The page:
Almost everything is planted and the overwintered geraniums are outside. This has been a good week to move them as we've had 3 days of soaking rains and then warm temperatures with mild evenings. The screens were put in the windows yesterday and stayed there all night. When I'm lying awake, waiting for sleep to overtake me, the sounds of the evenings take me back to the summer visits with my grandmother. She was a difficult woman to get along with but staying with her for a week in the summer was always a highlight.
Winning those two large containers sort of imperiled my desire to weed out my pots to just what I'll use because I ordered plants from a company who sent me a catalog this year. That box arrived a week ago on Wednesday.
They are called Select Seeds and one of their "hooks" is that they have heirlooms seeds as well as live plants for sale. I rather liked the idea of spending the money I would usually fork over at a catalog which would deliver. I'd not have to battle crowds for begonias or buy more than I had budgeted for. Because I was cutting way back, this seemed, to me, to be a better use of my time and my funds. I hadn't counted on two 5 gallon containers of plants.
Here's the box of plants.
The Select Seeds plants came in unique containers.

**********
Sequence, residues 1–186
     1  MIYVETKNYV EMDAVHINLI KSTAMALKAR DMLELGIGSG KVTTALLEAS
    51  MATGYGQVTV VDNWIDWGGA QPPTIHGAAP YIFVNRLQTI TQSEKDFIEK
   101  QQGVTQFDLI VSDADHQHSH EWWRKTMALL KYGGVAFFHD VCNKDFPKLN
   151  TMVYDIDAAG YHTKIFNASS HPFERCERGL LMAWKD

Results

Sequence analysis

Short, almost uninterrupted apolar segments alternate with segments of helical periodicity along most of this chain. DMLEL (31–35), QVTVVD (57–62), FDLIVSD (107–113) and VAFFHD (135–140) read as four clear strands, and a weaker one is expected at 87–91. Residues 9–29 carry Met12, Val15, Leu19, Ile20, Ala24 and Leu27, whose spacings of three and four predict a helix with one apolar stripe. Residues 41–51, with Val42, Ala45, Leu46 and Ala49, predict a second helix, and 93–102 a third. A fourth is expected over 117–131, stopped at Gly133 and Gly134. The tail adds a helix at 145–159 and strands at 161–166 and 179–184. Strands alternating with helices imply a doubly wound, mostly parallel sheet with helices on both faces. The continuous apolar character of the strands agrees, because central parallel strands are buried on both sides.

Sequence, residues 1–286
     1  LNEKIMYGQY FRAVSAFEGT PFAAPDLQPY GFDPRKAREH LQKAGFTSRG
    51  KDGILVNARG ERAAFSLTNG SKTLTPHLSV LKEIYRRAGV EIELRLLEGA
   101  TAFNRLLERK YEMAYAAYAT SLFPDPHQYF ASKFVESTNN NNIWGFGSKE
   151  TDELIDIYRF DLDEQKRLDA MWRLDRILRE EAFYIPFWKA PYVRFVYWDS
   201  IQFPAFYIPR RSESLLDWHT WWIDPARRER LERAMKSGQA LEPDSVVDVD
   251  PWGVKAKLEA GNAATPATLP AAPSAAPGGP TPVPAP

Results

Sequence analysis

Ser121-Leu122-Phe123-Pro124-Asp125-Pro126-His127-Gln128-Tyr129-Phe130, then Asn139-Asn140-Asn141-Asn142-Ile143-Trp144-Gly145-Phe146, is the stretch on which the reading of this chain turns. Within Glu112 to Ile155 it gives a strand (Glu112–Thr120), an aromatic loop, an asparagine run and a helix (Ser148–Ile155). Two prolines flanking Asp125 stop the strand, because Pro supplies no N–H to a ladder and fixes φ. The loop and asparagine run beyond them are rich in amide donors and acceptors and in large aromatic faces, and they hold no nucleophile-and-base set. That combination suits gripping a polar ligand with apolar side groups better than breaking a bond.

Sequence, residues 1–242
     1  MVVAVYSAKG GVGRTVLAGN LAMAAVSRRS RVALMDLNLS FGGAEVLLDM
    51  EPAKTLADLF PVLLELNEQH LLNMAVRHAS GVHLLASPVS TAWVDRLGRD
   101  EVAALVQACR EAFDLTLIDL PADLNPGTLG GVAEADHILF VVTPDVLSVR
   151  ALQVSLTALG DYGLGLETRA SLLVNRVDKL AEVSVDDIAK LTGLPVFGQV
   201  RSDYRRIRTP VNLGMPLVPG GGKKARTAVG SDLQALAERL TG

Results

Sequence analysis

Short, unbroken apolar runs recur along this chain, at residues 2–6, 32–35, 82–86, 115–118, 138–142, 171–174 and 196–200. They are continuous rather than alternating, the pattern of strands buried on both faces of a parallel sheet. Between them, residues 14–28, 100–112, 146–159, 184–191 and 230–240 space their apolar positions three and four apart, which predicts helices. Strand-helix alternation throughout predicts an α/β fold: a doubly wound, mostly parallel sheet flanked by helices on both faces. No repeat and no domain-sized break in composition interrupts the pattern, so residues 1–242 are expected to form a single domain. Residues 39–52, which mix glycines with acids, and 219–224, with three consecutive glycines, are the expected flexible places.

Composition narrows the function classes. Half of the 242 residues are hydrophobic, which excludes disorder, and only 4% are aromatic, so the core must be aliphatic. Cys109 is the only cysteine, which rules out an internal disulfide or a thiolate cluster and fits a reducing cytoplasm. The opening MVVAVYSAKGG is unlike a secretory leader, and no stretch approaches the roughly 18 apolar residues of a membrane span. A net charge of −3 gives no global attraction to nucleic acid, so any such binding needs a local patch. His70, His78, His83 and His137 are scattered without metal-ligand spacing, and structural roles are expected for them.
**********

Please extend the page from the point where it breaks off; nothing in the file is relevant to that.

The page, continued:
The whole thing is recyclable. I very much appreciated that. The plants were healthy looking even having been left in the box from Wednesday through Sunday, when I planted everything.
I pulled everything up close to the deck and started with the the hanging planters. I wasn't sure what I'd find in the big containers but, to my delight, the plants in them came out easily. The containers had several which draped over the side and I got a couple of sweet potato vines for good measure.
I realized that the dirt in the bottom of the planters was hard so I spent time breaking it up in the hopes that the plants develop a deeper root system. I need to remember to do that every year. Plants always look so droopy when you put them in the container where they are going to go. But after 3 days of rain and a bit of fertilizer, they have perked back up.
I like vines or flowers to trail down the sides of the planters. We'll see how this goes. Did you know that given the right amount of fertilizer and water, that decorative sweet potato vine will actually produce an edible tuber? It's yours if you can get it before the squirrels do.